Designation opens up millions of dollars in potential funding, elevates region’s profile in field

Colorado has been designated as an official technology and innovation hub for the quantum industry, opening up tens of millions of dollars in funding and elevating the region’s profile as a leader in the field.Gov. Jared Polis said the Biden administration notified the state Friday that it was chosen as a tech hub under the  CHIPS and Science Act of 2022. The act makes $500 million available initially with $10 billion authorized for 20 regional hubs. The U.S. Economic Development Administration manages the program. Sources familiar with the decision said the list of 20 hubs specializing in different technologies will be officially announced Monday.The Polis administration and a bipartisan group of legislators sent a letter earlier this month to Secretary of Commerce Gina M. Raimondo to show support for declaring Colorado as a quantum tech hub.

“The quantum sector is one of the key industries of tomorrow, and I’m thrilled the Biden administration is awarding Colorado a TechHub designation for quantum technology,” Polis said in a statement. “We will take full advantage of this decision to help create jobs, and support businesses and entrepreneurs because Colorado is the best place for tech and innovation.”

Polis and legislators said in the Oct. 6 letter to Raimondo that Colorado has allocated millions of dollars to strengthen the region’s capacities in quantum technology, including computing. In the past five years, the state has used $10 million in tax incentives and over $1 million in direct cash investments for local quantum companies, the letter said.

“This is the culmination of the hard work we started on my first day as (Denver) mayor: making Colorado the best place in the country to do business, to find a good-paying job, and to live a good life,” Sen. John Hickenlooper, D-Colo., said in a statement. “This will future-proof our successes and ensure we remain an economic and technological powerhouse.”

Hickenlooper, chairman of the Senate Commerce Committee’s Space and Science  subcommittee, worked on developing and passing the CHIPS and Science Act. He also served on the Bipartisan Innovation and Competition Conference Committee, which negotiated a final version of the bill.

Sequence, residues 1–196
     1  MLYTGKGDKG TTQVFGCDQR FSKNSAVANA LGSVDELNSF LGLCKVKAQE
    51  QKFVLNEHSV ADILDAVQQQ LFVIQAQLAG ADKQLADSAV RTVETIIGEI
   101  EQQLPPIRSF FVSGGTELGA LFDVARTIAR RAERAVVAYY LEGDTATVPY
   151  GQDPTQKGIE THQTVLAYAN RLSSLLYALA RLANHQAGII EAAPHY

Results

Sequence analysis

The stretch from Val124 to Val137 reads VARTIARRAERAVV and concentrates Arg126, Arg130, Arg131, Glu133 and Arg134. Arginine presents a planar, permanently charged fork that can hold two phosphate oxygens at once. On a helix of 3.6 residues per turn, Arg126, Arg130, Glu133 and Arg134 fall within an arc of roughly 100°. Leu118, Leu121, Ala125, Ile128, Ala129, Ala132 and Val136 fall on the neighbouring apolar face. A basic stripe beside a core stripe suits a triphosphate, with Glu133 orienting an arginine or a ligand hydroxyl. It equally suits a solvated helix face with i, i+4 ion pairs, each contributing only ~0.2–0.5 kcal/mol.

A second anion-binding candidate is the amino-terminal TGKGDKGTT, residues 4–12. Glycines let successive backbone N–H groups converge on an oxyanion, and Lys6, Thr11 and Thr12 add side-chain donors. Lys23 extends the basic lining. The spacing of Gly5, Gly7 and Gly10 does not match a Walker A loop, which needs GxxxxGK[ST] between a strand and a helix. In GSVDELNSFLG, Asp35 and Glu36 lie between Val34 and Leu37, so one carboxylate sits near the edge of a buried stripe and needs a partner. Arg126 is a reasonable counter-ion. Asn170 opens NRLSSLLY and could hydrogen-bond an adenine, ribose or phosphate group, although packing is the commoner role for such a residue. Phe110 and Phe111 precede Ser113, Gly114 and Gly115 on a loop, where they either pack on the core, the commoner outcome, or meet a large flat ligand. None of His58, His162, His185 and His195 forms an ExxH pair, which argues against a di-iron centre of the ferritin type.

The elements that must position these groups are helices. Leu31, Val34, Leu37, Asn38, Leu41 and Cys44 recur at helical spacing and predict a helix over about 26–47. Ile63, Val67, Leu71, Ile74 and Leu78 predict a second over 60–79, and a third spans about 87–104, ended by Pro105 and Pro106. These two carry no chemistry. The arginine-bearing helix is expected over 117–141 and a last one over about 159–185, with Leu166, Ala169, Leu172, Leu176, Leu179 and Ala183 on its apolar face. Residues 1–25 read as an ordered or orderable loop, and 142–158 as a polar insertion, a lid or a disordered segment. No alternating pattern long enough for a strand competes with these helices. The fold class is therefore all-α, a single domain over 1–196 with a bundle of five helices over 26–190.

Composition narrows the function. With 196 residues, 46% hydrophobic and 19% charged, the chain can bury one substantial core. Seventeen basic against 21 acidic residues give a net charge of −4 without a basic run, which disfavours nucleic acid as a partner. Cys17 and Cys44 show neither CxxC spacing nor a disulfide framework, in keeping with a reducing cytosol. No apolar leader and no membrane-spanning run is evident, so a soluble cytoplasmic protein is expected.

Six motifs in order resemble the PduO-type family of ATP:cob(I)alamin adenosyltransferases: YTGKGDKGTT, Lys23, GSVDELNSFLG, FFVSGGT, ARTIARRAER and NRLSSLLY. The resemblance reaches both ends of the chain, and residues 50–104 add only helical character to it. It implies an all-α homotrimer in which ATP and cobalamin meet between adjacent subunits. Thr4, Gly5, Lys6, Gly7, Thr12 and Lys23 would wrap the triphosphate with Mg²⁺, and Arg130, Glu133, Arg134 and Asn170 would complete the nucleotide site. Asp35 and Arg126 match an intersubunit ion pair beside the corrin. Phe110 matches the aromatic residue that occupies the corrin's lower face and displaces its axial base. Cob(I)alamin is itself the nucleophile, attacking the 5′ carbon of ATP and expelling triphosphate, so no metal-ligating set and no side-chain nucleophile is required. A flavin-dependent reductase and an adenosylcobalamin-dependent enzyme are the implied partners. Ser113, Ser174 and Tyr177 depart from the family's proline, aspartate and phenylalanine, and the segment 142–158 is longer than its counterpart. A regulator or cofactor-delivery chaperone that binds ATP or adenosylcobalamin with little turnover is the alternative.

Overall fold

The Boulder-Denver area has been a center of research in quantum technology and a pipeline for companies for decades. Quantum computing is seen as taking computing to a new level by using the physics of quantum physics to solve more complex statistical problems faster and is considered the next big trend in high tech.The hub will focus on developing the use of quantum computing, quantum sensing, quantum networking and quantum hardware technologies and moving those applications from lab to market, according to Hickenlooper’s office. The technology can help speed up discoveries of drugs and sources of critical minerals as well as enhance space-based navigation systems and observation satellites.

“Colorado has spent decades investing in research and development and supporting a vibrant startup ecosystem to strengthen American leadership in quantum technologies. Today’s announcement will ensure we continue to lead the country in this field,” Sen. Michael Bennet, D-Colo., said in a statement.

A consortium of local governments, businesses, universities and organizations formed to promote making Colorado one of the tech and innovation hubs. Participants include the University Colorado at Boulder; the cities of Denver and Boulder; Front Range Community College; Fort Lewis College; Colorado State University; ColdQuanta; Atom Computing; Colorado School of Mines; the National Renewable Energy Laboratory; and the National Center for Women in IT.

Article here. Updates with details about tech hub and comments rom Sen. Michael Bennet.